The default MFPL setup should work fine in this scenario. However, there is one gotcha: if you created your user account prior to mid August 2008, your home directory may be world readable. This is only a problem if you make backups of secure information or database dumps to your home directory, in which case you should either ensure that those backups and database dumps are not world readable or remove world readale permissions from your home directory.

We share everything

You have many people in your organization who all have secure shell or sftp access and you want to be able to easily share files amongst yourself.

In this case, the default MFPL setup should work fine. However - if you user was created after mid August 2008, then no other users will be able to read their home directory. So, if you want to share access to your files, you will need to put the files in a location that all users have access to. The include directory is a good option for this purpose.

In addition, by default, users will be able to read the files uploaded by other users, but not be able to edit them. This restriction can cause a problem if, for example, multiple people are sharing the responsibility for managing a web site. If you are in this situation, please open a ticket to ask for assistance. Depending on what you are trying to accomplish, there may be other methods (ranging from sharing a single user account on the server between multiple people by using keys to using a revision control system like subversion).

We want to give some people limited access

Many people are interested in giving their own people restricted access to their server account. Exactly how you want to restrict the access and the needs will determine the best strategy to take.

  • It's not about security, it's about simplicity. Some people don't need to limit what a restricted user can see or do, they are more interested in making it simple. If you have to change into all these different directories in order to upload a file or download a file, the user is going to get lost and give up. In this scenario, the best solution may be to use symlinks. A symlink is like a shortcut in Windows or an Alias in Mac OS X. When a restricted user logs in, they will immediately see their home directory. If you place a symlink in their home directory that points to the directory you want them to upload or download their files, they can accomplish that task quite easily.
  • It's not about security, it's about user experience. For some people, planes won't fall of the sky if the restricted user sees directories they are not supposed to see, however, for whatever reasons, they just don't want their users to be exploring and see parts of their operation that, while not secret, are not widely publicized. At MFPL, there is no way to restrict a SFTP user to a particular directory, so achieving this approach is an absolute way is not possible (other options include building a web interface). However, you can request a separate hosting order that is only for sftp upload/downloads. The user may still traverse the entire MFPL file system structure and find your regular hosting order, however, if they only traverse their immediate file system, they will only see what you want them to see.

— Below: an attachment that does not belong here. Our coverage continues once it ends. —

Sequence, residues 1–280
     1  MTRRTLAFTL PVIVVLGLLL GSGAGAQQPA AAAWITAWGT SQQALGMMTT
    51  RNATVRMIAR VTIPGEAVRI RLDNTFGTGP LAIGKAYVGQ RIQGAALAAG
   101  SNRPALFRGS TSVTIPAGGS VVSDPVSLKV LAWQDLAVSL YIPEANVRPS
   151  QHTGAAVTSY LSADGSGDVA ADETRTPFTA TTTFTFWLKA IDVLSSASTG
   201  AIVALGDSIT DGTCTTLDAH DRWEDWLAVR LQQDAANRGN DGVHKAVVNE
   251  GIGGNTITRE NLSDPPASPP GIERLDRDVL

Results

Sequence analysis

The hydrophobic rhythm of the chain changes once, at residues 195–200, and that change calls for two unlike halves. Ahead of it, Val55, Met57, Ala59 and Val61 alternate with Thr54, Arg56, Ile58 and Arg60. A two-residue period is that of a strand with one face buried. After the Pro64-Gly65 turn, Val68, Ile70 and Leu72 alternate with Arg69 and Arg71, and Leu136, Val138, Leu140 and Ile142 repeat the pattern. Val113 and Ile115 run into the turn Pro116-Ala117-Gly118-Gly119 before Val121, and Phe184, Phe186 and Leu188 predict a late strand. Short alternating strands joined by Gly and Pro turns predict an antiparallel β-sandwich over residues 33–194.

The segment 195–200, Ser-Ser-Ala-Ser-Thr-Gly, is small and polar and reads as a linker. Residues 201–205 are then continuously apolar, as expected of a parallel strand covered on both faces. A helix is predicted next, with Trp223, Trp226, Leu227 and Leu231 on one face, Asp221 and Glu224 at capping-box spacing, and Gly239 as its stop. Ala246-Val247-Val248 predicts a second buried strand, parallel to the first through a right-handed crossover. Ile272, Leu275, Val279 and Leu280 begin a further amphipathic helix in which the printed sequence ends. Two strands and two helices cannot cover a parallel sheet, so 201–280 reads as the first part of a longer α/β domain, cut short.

• It is about security - nobody should be able to see these files. If you have files on the server that should not be viewable, then those files should be secured even if you are not providing SFTP access. If you would like help/audit of your files to find out what is restricted and what is not restricted, please email us at support@mayfirst.org.

Additional questions

  • But wait - I don't want other May First/People Link members (or folks that I give sftp access) to be able to browse my web directory! Remember: by default, everything in your web directory is available not just to people on our servers, but to the entire Internet. If you have files that should not be public, they should not be placed in your web directory. If you have a web application that is running PHP and is restricting access to files in your web directory based on a login information, you can similarly restrict read access to these files by people who have access to your server. Please email support@mayfirst.org if you are worried about files being public that should be private.

References to ongoing discussions

There are many members who have asked about how to properly secure files and directories. Thanks to everyone who has asked these questions publicly so we can more effectively figure out the best strategy. Here's a brief synopsis:

Last modified 6 years ago Last modified on Feb 2, 2013, 5:38:47 PM